The 80/20 Principle As it Relates to Your Happiness


The 80/20 Principle as it Relates to Your Happiness

Ok, so I just recently came across something that has useful and transformative applications to just about every single facet of anybody’s life. In fact, it’s such a simple, effective concept that it blows my mind that I hadn’t encountered it until this year, so I am dying to share it with you, too. In a nutshell, it’s an unassuming framework approach that can completely shift the way one makes decisions, runs a business or designs one’s existence. Literally, I believe it can change your life, making you happier, more intentional with your time, and more efficient.

So, let’s dive into it.

Initially discovered and developed by Italian economist Vilfredo Pareto in 1906, the Pareto 80/20 Principle (aka the 80/20 rule, the law of the vital few, or the principle of factor sparsity) was used to explain the wealth distribution among the Italian population. It stated that roughly 80% of the income in Italy was received by 20% of the population.

OK…that’s fine, but who really cares?

How does this apply to you?

Here’s where it gets interesting.

This principle has been used on macro and micro scales in a variety of fields with the purpose of increasing happiness, mindfulness, success, time efficacy, and overall ability to follow-through on the intentions one sets. Once one understands that the principle permeates just about everything, it can be used to measure your achievements and correct your course if you’re not feeling connected to what you’re doing.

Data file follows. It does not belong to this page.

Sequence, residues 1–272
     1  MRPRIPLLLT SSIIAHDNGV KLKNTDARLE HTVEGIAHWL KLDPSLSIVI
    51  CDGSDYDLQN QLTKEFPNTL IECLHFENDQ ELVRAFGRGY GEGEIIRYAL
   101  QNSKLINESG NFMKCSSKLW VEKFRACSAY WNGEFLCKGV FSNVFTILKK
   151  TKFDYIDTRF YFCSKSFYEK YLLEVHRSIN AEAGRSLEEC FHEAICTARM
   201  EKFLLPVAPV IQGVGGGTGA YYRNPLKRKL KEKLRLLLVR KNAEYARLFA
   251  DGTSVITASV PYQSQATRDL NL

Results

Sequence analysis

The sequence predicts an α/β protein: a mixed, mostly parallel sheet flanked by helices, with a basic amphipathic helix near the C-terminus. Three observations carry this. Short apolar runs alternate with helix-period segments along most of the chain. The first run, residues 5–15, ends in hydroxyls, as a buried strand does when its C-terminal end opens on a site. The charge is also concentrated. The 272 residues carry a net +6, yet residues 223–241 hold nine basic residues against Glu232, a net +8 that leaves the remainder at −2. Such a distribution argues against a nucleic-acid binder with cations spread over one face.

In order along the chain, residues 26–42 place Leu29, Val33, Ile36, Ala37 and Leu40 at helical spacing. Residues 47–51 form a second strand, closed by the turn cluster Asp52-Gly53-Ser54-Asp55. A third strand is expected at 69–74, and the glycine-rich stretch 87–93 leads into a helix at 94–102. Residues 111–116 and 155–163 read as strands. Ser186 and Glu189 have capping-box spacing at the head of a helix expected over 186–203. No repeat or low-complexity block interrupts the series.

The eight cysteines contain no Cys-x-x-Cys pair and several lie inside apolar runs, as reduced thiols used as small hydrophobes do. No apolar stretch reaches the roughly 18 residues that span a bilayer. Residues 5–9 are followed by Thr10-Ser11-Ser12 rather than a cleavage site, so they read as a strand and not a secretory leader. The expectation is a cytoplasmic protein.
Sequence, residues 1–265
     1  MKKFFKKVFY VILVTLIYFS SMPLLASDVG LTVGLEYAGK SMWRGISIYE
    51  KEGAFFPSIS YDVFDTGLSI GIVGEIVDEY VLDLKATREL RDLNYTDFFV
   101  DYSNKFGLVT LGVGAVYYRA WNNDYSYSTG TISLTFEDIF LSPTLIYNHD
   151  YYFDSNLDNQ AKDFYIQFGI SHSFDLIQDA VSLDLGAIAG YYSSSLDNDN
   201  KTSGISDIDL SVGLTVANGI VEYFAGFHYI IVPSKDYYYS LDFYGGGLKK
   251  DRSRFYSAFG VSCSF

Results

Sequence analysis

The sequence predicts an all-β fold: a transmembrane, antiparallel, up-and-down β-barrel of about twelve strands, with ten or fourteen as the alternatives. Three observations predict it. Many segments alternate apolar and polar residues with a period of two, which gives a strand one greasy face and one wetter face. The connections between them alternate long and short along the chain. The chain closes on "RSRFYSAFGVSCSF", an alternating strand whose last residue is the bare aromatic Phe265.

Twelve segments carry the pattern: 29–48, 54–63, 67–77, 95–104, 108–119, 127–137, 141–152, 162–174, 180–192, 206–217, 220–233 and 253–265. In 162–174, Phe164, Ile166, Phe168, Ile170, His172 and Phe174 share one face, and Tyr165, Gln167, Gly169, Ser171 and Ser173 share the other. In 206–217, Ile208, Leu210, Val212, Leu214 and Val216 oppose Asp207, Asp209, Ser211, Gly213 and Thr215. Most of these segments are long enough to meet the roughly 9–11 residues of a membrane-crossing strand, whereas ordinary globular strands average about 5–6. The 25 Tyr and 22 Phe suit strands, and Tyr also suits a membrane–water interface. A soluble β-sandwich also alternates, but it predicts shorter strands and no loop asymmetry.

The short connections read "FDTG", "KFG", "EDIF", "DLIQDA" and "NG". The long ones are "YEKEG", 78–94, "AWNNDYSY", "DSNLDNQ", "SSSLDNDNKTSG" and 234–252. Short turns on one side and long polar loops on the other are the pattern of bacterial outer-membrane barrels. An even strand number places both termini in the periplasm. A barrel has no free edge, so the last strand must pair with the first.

Here are some examples that illustrate how the 80/20 principlemight relate to you (obviously, the ratios might be skewed slightly depending on the situation, but most can agree that there’s a pattern of a minority creating a majority):


  • 20 percent of employees are responsible for 80 percent of a company’s output
  • 20 percent of customers are responsible for 80 percent of the revenues /sales
  • 20 percent of product defects cause 80 percent of problems
  • 80 percent of complaints come from 20 percent of your customers
  • 20 percent of portfolio investments are responsible for 80 percent of growth/losses

Personal Habits:

  • 20 percent of the things you do result in 80 percent of happiness
  • 20 percent of my spending contributes to 80 percent of my fulfilment
  • 20 percent of your friends are responsible for 80 percent of your happiness
  • 20 percent of the people in your life are responsible for 80 percent of your unhappiness
  • 80 percent of value is a cause of the first 20 percent of your efforts
  • 20 percent of the photos you take are responsible for 80 percent of your overall photo-taking satisfaction
  • 20 percent of my wardrobe is worn 80 percent of the time
  • 80 percent of my phone time is wasted on 20 percent of your apps
  • 20 percent of US population uses 80 percent of healthcare
  • 20 percent of the world suffers 80 percent of serious hardships (good to remember)
  • 20 percent of food you eat 80 percent of the time